Three videos of people doing stupid things with their cars:
A bunch of Magnolia Electric Co. live shows available for download. They’re in the unwieldy FLAC format, but you can easily convert that down to MP3. (My fellow Mac users can use xACT; Windozers would use something from here, I suppose.)
I’ve been finding myself wildly intrigued by Magnolia Electric Co. lately, even though much of their oeuvre is nothing to write home about. I just keep listening to the apocalyptic Youngian (and hell, Jungian) propulsion of “Farewell Transmission.” It’s like Bob Seger after a little whiskey and a kick to the kidneys. Or maybe a grim, paranoid Lynyrd Skynyrd. There’s a lot of power in there for a deceptively simple song.
You’ll want the MP3 here.
(And, if we want to be technical, “Farewell Transmission” is actually by the band Songs: Ohia, on their last album, which was entitled “Magnolia Electric Co.” After that album, they changed the band’s name to Magnolia Electric Co. If you want to be technical.)
I remember, a few days before my college graduation, running across an article in The New Yorker about genetic variability. I thought it was just about the most fascinating thing I’d ever read. For some reason, I felt the urge to track it down: here it is. The best quote, from a Yale researcher: “I would say, without a doubt, that in almost any single African population — a tribe or however you want to define it-there is more genetic variation than in all the rest of the world put together.”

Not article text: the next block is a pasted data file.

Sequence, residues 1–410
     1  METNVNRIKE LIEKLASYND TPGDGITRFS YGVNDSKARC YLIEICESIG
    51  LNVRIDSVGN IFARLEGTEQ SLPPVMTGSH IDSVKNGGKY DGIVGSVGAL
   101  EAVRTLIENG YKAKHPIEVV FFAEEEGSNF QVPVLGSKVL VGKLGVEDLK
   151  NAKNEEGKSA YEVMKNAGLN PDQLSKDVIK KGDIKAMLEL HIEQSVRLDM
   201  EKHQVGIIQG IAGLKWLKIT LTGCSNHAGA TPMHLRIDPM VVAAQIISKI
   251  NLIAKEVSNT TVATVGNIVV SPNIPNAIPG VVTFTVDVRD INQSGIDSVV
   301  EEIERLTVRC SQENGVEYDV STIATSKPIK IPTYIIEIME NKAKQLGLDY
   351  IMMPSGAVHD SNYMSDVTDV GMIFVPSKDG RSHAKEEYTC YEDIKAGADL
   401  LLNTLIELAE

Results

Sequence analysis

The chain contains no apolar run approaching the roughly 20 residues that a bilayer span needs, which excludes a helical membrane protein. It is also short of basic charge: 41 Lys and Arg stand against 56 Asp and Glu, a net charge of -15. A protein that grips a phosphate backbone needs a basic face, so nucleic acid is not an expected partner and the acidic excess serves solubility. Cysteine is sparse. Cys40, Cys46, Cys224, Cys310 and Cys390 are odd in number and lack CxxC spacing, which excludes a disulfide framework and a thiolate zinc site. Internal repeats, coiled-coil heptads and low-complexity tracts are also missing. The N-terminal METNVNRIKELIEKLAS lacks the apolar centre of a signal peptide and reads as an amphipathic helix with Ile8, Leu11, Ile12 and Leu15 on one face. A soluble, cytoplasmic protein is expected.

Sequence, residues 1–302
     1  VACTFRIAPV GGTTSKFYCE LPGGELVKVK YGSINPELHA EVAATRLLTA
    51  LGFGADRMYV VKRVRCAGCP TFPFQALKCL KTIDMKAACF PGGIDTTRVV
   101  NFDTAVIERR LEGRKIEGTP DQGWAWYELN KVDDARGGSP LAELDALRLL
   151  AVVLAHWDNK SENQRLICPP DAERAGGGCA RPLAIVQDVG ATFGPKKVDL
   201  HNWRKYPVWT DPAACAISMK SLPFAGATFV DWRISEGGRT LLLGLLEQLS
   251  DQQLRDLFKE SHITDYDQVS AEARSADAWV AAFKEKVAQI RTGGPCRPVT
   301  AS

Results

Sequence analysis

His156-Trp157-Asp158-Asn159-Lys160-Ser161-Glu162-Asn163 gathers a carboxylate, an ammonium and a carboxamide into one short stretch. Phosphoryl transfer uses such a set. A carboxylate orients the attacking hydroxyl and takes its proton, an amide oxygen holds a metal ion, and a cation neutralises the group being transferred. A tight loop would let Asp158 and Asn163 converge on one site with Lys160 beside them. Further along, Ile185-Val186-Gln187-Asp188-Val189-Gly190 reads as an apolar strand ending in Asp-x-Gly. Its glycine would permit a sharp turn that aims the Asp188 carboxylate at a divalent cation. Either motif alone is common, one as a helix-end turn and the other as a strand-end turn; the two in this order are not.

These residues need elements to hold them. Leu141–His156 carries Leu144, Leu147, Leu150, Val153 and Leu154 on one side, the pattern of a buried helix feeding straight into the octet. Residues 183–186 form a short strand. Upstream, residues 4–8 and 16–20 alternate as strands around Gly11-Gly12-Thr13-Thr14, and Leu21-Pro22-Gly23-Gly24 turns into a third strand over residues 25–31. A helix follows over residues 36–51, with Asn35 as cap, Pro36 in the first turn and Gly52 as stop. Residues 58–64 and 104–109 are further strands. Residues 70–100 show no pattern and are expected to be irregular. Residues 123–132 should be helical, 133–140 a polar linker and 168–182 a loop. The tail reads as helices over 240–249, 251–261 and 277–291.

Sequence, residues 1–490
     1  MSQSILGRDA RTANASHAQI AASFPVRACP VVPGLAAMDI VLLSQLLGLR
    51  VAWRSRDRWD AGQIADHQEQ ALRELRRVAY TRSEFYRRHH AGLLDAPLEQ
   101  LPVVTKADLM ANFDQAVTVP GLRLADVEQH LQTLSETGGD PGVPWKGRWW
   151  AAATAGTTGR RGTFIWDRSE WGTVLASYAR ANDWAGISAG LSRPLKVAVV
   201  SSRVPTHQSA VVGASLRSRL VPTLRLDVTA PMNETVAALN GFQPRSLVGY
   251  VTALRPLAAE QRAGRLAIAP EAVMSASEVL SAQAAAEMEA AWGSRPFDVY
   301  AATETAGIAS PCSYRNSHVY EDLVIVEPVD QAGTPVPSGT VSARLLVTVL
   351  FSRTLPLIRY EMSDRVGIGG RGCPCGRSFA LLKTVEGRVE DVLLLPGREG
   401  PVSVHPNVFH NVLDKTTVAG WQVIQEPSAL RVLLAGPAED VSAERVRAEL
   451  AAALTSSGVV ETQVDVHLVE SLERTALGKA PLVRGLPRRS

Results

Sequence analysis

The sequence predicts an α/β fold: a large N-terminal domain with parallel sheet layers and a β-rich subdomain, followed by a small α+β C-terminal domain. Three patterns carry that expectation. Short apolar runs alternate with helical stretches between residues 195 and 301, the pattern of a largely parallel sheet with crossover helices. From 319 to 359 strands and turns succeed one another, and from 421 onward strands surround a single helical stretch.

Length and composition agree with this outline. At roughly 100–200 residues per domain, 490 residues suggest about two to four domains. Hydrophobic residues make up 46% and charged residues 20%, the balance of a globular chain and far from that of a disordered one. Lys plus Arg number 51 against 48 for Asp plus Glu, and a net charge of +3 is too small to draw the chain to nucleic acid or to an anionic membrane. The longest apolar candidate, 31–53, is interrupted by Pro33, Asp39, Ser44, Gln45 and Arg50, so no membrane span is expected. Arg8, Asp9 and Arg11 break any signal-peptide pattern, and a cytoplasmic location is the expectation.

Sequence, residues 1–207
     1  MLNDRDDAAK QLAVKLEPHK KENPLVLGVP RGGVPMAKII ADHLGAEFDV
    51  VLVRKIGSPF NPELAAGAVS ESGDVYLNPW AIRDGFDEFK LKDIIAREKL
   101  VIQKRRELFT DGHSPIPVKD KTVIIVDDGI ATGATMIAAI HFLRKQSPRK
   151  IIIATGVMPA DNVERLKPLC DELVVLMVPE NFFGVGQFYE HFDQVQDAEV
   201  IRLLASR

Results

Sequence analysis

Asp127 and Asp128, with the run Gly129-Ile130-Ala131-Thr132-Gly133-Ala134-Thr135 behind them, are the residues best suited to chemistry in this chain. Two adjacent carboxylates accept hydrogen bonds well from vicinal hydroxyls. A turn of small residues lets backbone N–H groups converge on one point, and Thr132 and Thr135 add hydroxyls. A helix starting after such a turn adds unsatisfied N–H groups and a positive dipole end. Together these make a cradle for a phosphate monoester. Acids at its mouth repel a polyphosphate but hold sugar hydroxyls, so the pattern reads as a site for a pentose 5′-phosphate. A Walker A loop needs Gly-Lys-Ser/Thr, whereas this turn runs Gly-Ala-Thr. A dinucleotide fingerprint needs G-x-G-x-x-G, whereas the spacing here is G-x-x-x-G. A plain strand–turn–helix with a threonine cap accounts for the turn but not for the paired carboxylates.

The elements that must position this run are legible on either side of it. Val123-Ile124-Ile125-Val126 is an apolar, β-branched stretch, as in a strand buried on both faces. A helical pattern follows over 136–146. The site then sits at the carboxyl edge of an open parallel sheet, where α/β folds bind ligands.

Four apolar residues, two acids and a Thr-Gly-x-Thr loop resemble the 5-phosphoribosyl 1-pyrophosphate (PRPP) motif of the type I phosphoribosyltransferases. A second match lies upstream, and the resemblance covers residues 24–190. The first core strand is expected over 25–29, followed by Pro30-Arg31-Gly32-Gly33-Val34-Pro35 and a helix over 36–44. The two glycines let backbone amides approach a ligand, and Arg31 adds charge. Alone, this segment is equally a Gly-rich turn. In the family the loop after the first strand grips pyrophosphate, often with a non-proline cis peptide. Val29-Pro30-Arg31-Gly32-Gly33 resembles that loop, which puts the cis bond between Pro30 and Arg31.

I think this whole subset of issues — particularly the issue of how self-perception impacts achievement, in sports or academics — is really interesting. And really important. (I wrote a column about the academic end of things last year.)
I always find it a little jarring when Malcolm Gladwell (the author of the piece) talks about being the subject of black stereotypes, though. He’s part West Indian, but when he wrote the piece, he looked like this. He’s grown out his ‘fro since then, but I doubt many folks seeing him on the street as a kid would have pegged him as black. But hey, it’s not my life, and what do I know?
To answer that last trivia question:
The five professional team leagues that have average attendance over 30,000 spectators are the National Football League (U.S.), Major League Baseball (U.S./Canada), the Bundesliga (Germany — soccer), the FA Premier League (U.K. — soccer again), and the Australian Football League (which is, duh, Australian rules football).